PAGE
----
Napier artist Joseph Rowntree looks at the murals he creates with pride.
His past, not so much.
Rowntree, 30, is a former methamphetamine addict. It's a life he was only able to leave behind because he found his passion.
"Chasing a passion has distracted me," Rowntree told Hawke's Bay Today as he finished off a stunning campervan mural on the main road through Clive on Thursday.
"Creating art is a different high. I feel present and connected to myself. It's not the same as a chemical high."
His path to this happy point in his life was far from easy.
"I was a shearer by trade and it's quite a big problem in the industry.
"In 2010, I started using meth and I habitually used it for four years."
Back then his life was "pretty transient" and he travelled all over the country using a lot of meth in the process.
"I started selling all my shearing gear to buy meth."
He says a lot of people don't realise what meth is doing to their lives.
"Using meth makes you feel like you are firing on all cylinders, makes you feel like you can do anything.
"Initially meth makes you feel invincible.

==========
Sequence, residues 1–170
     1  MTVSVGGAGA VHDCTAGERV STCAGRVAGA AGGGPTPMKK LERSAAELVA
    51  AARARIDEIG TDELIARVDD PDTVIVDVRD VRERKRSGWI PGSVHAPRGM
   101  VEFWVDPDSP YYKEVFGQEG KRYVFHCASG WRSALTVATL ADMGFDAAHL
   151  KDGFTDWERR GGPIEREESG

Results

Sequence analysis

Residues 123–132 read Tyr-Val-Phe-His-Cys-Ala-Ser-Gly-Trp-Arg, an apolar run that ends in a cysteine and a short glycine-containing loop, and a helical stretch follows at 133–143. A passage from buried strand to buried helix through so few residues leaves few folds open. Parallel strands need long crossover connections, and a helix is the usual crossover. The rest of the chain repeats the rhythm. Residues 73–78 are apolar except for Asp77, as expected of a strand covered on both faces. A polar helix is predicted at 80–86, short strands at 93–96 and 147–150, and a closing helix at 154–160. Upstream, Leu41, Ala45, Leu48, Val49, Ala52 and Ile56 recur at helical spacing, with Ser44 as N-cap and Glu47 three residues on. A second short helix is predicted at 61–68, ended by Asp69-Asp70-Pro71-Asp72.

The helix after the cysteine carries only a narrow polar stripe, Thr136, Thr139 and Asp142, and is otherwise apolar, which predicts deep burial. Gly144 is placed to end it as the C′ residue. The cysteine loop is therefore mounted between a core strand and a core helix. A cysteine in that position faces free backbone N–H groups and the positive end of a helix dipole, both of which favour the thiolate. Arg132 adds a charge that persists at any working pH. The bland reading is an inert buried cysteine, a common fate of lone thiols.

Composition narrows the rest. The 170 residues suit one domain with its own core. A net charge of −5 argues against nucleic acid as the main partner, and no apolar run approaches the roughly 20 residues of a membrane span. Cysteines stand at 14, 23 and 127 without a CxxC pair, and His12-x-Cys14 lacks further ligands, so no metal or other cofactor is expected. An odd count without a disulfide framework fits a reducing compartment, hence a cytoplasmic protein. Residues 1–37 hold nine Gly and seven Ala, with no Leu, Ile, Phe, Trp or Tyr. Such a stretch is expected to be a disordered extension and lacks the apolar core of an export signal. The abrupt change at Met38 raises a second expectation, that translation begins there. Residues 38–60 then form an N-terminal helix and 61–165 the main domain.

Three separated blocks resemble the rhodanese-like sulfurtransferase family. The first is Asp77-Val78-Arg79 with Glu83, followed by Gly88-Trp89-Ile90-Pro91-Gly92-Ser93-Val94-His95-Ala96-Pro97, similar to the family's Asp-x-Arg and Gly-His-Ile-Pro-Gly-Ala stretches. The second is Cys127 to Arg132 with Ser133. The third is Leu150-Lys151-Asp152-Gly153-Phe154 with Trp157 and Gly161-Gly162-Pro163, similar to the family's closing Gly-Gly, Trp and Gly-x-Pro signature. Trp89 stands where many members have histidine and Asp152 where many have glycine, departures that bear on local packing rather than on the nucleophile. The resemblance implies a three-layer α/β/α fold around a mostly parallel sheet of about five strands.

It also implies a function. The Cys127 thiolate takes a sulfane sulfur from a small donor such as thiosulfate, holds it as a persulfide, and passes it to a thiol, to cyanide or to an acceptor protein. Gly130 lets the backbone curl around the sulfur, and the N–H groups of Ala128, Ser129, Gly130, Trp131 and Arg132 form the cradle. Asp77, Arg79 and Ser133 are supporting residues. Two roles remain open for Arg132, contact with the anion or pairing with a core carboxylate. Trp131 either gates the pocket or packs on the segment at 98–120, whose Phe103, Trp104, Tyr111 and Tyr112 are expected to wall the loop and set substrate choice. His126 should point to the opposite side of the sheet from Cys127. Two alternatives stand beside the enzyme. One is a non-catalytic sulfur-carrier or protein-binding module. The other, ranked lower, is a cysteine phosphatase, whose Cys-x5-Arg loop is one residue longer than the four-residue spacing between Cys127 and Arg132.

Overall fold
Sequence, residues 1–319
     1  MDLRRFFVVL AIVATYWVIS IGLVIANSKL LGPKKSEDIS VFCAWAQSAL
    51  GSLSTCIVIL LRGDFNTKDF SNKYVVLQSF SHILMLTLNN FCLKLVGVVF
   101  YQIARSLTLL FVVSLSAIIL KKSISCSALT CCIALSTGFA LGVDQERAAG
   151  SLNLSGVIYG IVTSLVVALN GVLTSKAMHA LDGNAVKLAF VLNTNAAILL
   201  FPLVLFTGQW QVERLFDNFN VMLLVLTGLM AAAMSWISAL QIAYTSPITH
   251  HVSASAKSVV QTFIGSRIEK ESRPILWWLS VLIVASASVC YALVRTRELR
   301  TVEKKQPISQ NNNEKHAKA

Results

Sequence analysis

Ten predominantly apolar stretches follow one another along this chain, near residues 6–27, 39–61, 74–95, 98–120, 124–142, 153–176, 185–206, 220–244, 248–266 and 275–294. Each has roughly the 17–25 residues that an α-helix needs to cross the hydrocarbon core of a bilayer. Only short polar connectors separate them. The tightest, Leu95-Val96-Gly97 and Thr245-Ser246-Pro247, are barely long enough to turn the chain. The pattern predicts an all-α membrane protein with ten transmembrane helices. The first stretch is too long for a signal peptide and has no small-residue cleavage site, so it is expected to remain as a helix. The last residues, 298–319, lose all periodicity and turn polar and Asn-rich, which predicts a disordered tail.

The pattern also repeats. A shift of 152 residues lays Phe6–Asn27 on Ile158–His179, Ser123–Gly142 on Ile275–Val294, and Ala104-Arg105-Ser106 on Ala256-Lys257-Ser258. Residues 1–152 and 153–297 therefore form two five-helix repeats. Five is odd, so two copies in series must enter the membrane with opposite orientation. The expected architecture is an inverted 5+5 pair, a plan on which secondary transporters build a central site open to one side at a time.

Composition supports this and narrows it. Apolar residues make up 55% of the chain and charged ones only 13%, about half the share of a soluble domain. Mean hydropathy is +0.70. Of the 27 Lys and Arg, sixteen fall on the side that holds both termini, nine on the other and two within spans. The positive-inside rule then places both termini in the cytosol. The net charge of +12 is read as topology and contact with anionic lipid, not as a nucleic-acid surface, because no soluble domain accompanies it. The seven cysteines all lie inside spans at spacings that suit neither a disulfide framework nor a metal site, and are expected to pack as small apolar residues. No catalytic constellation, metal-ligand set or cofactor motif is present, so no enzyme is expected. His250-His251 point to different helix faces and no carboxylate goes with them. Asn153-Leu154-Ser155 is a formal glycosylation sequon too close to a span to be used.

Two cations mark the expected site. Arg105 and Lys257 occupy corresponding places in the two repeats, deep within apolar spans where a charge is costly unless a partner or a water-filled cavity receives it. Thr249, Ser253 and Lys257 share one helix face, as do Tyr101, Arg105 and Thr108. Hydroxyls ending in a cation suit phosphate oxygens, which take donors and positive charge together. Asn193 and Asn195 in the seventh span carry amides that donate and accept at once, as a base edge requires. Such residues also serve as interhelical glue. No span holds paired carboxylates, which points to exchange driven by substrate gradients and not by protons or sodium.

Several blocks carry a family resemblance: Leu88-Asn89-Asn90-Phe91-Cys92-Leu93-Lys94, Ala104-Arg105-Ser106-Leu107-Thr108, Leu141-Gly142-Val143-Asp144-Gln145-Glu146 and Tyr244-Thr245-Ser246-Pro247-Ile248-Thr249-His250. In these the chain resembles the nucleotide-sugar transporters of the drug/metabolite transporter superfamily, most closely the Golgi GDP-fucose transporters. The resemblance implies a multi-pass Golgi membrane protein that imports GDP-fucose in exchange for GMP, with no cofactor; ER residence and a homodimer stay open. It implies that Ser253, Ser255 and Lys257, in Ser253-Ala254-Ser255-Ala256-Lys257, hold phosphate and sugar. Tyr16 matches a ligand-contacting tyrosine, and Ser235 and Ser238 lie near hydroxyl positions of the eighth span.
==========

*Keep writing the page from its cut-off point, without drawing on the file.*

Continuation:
"But you don't sleep, don't eat. It is pretty taxing on your body. It is an incredibly addictive, powerful drug.
"I think no one ever maintains the peak physical performance, there's always a fall."
Rowntree realised his life was "falling apart" when he started ignoring his family in a bid to get his next fix.
"It was meth over anything else. I lost my job, lost my way. It scared the s*** outta me."
He says meth is a easy drug to fall into taking, and hard to get out of.
"It gets to a point where you need help instead of going it alone."
Rowntree decided to seek help by confessing all to his parents, and they let him move into their home in Havelock North.
"They let me stay in their garage. They have been very supportive."
He cleaned up his act and decided to pursue art, with the aim of becoming a tattoo artist.
He started studying a BA in creative practice at EIT in 2015, and graduated in 2018.
"Everyone wants to become a tattoo artist. But once I joined I realised there were so many other options I could pursue."
Right after graduation he held a solo show at the Hastings Community Library.
"I am very interested in colonial history and I do lots of work with recycled windows."
Being an artist is now Rowntree's full-time occupation.
"The majority of my income comes from getting commissions to paint murals on campervans and stuff."
Most of his artwork is for sale but he has no desire to rake in money, he says.
"I just want to keep doing what I am passionate about. I have no desire to get rich.
"I just want to pay my bills. As cheesy as it sounds, people should do what they want to do."
"I have a show at the Boyd-Dunlop Gallery in Napier at the end of the year.
"I can say with some pride I am the cleanest I have been my entire life.
"No drugs, no real drinks.
"I only smoke, but I am thinking of quitting. It's a work in progress."